Iain also writes a blog called West Ham Till I Die, which is how I first met him. Like another of our MediaMasters, Phill Jupitus, he shares my love of West Ham United FC. You’ll notice all three of us have a humorous outlook on life. If you follow football, you’ll know this is a fundamental requirement for Hammers fans. Iain always tries to be entertaining when he’s invited onto TV.
“Even on a serious news programme, people do not want somebody just going on and trotting out some boring analysis. I can do a bit of quirkiness and eccentricity. I don’t pretend to be the font of all knowledge on every single issue. I think it’s good to be animated on TV. Move your head, move your hands, don’t just sit there. You can convey a lot of your message with your hands and it brings the whole thing to life.”
Iain thinks a sense of humour comes in handy during tricky interviews.
“Often if David Cameron is asked a tough question by John Humphrys or Jeremy Paxman he dismisses it with a laugh. The questions can get quite personal, but he doesn’t get upset, he just giggles. Nick Clegg on the other hand, will do the same interview and he’ll start getting tetchy at the tough questions. At home, the listener or viewer will see him start to lose his temper. Whereas Cameron doesn’t let himself get riled.”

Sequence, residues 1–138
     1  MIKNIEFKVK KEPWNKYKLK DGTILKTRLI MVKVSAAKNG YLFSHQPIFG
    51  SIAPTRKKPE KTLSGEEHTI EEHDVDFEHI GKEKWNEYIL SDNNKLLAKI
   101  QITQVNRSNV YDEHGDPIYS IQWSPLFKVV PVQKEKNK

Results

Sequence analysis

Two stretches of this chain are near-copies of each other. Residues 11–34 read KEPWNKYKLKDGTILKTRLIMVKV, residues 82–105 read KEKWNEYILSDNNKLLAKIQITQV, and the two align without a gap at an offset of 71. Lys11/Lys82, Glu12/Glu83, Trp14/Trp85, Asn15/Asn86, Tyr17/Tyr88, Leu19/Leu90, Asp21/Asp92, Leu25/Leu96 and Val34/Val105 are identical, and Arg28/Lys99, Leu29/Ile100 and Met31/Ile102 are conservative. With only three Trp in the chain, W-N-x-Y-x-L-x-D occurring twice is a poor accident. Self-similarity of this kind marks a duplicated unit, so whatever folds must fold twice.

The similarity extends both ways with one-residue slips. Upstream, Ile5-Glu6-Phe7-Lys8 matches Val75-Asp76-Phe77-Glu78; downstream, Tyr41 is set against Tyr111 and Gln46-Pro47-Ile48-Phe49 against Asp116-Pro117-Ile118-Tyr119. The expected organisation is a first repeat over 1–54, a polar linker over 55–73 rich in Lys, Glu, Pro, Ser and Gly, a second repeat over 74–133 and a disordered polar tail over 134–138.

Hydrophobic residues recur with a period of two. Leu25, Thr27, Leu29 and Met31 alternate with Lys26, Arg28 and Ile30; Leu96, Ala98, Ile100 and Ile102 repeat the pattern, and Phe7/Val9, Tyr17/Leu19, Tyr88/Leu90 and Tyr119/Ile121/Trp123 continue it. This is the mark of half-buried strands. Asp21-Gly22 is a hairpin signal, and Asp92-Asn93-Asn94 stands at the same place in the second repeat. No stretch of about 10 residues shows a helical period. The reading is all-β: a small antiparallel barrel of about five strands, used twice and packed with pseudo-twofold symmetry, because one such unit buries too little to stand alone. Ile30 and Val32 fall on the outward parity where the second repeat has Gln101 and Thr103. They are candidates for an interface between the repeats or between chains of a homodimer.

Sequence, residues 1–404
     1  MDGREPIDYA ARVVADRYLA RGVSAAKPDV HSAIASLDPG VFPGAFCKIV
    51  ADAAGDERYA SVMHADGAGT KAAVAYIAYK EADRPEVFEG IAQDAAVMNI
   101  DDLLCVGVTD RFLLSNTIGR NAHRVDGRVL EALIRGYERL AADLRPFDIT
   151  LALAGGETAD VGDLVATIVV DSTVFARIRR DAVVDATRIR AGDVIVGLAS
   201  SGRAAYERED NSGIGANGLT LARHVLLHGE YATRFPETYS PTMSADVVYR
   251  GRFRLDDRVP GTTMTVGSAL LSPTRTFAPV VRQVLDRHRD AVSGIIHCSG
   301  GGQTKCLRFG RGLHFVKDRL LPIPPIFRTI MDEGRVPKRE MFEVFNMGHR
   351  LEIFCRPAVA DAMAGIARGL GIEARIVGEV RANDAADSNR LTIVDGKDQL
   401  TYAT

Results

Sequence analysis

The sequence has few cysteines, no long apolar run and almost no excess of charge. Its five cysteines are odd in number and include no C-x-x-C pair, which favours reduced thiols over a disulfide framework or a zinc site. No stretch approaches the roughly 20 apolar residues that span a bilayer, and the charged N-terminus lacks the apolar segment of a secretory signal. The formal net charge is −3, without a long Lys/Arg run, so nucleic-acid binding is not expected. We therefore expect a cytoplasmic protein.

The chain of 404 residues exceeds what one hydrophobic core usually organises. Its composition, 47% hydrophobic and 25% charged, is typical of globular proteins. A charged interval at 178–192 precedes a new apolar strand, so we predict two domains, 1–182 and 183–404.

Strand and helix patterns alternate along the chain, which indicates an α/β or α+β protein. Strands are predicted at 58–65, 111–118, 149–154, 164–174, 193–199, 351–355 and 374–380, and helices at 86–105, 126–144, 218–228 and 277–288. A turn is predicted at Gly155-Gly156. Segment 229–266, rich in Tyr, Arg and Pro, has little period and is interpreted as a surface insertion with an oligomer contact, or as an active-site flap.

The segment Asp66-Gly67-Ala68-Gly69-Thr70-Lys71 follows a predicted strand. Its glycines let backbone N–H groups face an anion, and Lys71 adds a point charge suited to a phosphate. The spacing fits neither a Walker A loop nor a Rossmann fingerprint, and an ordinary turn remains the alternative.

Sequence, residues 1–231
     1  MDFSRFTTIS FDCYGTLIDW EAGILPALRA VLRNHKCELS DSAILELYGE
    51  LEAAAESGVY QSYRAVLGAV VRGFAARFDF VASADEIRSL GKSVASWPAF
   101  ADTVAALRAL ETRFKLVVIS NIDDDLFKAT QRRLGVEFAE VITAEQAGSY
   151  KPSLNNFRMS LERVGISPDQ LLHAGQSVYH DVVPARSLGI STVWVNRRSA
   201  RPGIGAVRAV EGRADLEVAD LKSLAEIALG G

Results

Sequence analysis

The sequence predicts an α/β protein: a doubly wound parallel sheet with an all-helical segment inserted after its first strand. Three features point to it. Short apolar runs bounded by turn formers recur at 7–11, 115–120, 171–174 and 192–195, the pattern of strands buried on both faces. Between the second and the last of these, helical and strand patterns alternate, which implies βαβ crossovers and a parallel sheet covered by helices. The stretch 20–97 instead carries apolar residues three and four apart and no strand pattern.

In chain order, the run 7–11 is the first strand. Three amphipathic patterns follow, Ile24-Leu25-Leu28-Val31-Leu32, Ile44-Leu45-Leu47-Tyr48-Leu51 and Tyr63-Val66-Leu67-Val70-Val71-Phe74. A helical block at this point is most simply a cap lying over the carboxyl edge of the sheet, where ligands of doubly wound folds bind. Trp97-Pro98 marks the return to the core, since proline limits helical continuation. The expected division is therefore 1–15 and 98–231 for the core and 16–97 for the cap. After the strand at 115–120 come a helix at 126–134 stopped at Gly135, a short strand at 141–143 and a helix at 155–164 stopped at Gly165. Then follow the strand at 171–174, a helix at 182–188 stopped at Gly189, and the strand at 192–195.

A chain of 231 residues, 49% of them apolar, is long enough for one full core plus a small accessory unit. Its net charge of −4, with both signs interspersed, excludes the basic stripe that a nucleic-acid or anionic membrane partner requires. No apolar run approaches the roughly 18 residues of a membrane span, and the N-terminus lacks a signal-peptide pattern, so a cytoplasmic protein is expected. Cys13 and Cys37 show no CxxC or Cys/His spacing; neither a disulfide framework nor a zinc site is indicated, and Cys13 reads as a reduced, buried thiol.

While ranking Tony Blair’s media skills highly, Iain is not as complimentary about his successor as Prime Minister.
“Gordon Brown has catchphrases he uses over and over again. Whatever the question he’s asked he’ll come out with the same five catchphrases. Someone should tell him people are getting bored. They know what the answers are going to be. He doesn’t seem to have the ability to think on his feet in the way that Blair did. He doesn’t come across well in interviews like Blair. There was a time shortly after Brown became Prime Minister when someone had clearly told him he needed to smile. He came out with this hideous grin that looked so unnatural. He’d suddenly switch it on for no reason, at an entirely inappropriate moment.”
I asked Iain if he could give some tips to TV novices. What sort of things should telly virgins bear in mind?